Monday, May 7, 2018
Works by Benny Andrews, McArthur Binion, Jeffrey Gibson, Titus Kaphar, Glenn Ligon, Deborah Luster, Toyin Ojih Odutola, Noah Saterstrom, and Hank Willis Thomas
The Mississippi Museum of Art is excited to announce a slate of important new acquisitions of contemporary art to the collection. These acquisitions reinforce its mission of engaging Mississippians with visual art and further its commitment to empowering arts-based community dialogue that investigates issues of local and national significance. These acquisitions run parallel with a new initiative at the Museum funded by the W.K. Kellogg Foundation, the Center for Art & Public Exchange (CAPE), the purpose of which is to use original artworks, exhibitions, programs, and engagements with artists to increase understanding and inspire new narratives in contemporary Mississippi.
Acquisitions include: Benny Andrews (1930-2006), Mississippi River Bank (Trail of TearsSeries), 2005; McArthur Binion (b. 1946), DNA: Black Painting: IV, 2015; Jeffrey Gibson (b. 1972), Sharecropper, 2015; Titus Kaphar (b. 1976), Darker Than Cotton, 2018; Glenn Ligon (b. 1960), Condition Report, 2000; Deborah Luster (b. 1951), six gelatin silver prints from the series One Big Self: Prisoners of Louisiana, 1999-2001; Toyin Ojih Odutola (b. 1985), The Engagement, 2015; Noah Saterstrom (b. 1974), Road to Shubuta, 2016; and Hank Willis Thomas (b. 1976), Flying Geese, 2012.
“Our role as a museum is to collect and display art that creates opportunities for personal discovery and deeper understanding,” said Betsy Bradley, Director of the Mississippi Museum of Art. “Each one of these artworks was selected because of its power to elucidate meaning for our audiences, for its ability to serve as a lasting catalyst for dialogue, and for its responsiveness to experiences that define modern life in Mississippi and the nation.”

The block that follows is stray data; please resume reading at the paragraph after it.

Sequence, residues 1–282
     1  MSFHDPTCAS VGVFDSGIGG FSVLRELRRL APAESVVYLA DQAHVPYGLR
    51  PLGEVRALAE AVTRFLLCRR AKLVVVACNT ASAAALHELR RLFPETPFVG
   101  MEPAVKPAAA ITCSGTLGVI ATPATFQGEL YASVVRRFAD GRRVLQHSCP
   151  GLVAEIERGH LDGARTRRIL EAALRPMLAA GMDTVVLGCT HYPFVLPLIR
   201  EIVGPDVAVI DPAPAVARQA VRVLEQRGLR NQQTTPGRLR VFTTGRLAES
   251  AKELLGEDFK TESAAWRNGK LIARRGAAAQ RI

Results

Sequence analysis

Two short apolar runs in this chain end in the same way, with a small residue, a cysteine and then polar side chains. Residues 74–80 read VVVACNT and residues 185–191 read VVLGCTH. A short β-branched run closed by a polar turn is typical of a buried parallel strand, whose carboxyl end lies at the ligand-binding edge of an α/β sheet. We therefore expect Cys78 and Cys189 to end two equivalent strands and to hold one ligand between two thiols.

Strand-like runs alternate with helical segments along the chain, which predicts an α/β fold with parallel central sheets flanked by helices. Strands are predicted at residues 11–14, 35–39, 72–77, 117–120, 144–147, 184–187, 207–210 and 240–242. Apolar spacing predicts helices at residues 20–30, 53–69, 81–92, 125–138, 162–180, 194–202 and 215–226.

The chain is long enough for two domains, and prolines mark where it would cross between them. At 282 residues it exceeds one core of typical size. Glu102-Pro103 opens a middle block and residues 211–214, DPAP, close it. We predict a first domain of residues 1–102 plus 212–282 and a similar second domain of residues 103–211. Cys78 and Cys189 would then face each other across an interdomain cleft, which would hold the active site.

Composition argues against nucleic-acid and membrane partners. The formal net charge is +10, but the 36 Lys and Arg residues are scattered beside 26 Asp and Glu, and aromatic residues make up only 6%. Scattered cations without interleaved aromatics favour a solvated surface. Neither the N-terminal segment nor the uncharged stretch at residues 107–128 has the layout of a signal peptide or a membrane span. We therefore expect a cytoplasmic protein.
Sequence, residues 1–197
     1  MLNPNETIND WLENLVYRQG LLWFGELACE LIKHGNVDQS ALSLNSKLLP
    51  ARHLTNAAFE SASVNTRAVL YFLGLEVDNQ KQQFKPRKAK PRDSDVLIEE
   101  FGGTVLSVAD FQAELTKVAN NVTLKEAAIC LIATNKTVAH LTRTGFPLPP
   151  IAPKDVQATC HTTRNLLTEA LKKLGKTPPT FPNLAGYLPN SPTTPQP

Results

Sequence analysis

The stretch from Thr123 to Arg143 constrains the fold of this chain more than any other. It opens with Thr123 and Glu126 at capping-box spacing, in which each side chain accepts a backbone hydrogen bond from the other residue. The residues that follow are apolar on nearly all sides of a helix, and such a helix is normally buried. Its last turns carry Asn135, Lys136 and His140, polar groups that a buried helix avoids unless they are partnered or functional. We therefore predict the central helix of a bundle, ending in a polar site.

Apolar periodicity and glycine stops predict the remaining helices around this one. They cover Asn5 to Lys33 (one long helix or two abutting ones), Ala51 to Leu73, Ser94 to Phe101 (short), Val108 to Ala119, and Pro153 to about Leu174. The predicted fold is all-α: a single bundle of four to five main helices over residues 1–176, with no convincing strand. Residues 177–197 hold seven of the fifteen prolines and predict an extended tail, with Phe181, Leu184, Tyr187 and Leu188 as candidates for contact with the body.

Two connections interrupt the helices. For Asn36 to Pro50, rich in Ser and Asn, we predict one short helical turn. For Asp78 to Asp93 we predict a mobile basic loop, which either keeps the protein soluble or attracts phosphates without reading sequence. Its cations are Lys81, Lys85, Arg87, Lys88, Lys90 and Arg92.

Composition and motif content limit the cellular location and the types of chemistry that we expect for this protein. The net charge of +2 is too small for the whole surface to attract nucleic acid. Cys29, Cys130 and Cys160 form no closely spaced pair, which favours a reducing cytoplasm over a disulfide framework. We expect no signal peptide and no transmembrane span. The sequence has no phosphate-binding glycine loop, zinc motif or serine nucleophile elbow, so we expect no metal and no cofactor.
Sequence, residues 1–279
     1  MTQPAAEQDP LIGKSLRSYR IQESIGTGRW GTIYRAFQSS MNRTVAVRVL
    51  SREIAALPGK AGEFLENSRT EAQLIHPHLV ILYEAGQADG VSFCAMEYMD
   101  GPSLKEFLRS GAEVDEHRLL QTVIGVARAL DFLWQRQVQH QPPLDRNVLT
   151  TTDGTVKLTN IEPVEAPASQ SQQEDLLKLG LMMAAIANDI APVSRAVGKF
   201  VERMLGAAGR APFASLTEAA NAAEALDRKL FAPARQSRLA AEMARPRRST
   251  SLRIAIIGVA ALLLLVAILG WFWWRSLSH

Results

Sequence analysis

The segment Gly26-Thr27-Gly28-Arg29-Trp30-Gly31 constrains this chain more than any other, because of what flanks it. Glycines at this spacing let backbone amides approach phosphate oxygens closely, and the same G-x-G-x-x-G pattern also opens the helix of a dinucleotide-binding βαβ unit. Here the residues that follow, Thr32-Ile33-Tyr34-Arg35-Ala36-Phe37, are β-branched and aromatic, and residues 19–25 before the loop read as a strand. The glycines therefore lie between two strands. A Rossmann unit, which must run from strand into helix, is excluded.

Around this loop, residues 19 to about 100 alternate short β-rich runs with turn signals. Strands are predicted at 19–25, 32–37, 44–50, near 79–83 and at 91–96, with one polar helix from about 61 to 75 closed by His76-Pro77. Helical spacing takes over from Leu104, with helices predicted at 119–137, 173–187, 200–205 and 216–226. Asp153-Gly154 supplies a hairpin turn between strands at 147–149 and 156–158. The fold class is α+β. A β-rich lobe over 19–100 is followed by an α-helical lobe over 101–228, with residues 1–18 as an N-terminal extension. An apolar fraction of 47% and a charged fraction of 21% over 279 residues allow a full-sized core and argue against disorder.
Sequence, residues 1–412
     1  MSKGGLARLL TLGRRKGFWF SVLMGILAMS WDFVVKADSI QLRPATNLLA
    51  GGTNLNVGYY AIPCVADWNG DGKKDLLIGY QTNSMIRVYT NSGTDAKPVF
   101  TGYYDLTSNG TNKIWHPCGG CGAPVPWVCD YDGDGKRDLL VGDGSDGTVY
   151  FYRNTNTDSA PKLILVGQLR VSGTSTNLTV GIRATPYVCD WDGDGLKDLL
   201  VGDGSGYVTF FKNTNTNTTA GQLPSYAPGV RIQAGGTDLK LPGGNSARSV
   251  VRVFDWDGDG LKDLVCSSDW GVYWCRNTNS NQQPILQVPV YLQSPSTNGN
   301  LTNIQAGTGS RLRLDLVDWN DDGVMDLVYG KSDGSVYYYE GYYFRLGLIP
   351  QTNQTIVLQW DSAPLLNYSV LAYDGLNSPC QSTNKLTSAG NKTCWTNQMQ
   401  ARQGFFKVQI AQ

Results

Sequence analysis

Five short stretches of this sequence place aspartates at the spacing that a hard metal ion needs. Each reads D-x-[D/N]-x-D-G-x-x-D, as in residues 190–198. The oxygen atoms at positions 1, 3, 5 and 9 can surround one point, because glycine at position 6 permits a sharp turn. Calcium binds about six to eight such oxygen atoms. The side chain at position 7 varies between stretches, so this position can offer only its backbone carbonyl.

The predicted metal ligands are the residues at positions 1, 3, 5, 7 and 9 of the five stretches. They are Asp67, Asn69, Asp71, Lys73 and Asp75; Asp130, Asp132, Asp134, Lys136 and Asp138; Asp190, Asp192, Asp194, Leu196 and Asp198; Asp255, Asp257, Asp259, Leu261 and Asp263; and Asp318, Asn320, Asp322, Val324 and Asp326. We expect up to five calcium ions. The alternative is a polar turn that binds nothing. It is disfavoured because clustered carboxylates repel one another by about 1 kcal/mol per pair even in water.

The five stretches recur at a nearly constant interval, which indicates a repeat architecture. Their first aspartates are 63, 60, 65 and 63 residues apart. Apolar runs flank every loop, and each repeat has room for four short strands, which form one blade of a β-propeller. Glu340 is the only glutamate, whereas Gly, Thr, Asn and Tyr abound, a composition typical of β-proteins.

These acquisitions were made possible with funds from the W.K. Kellogg Foundation as a component of the work of the Center for Art & Public Exchange, the Collector’s Club Fund, the Franks Fund, the Hederman Fund, and the Gallery Guild.
Four of the acquisitions – Benny Andrews’ Mississippi River Bank, Jeffrey Gibson’s Sharecropper, McArthur Binion’s DNA: Black Painting: IV, and Noah Saterstrom’s Road to Shubuta – are currently on view through July 8, 2018, in Picturing Mississippi, 1817-2017: Land of Plenty, Pain, and Promise, the landmark exhibition interpreting Mississippi identity curated by the Museum on the occasion of the state’s bicentennial. Hank Willis Thomas’ Flying Geese is also on view through July 8, 2018, in The William B. and Isabel R. McCarty Foundation Gallery, accompanied by a visitor engagement space that invites the public to employ techniques used by Thomas to reframe reproductions of photography from the Museum’s collection, creating new narratives with well-known works.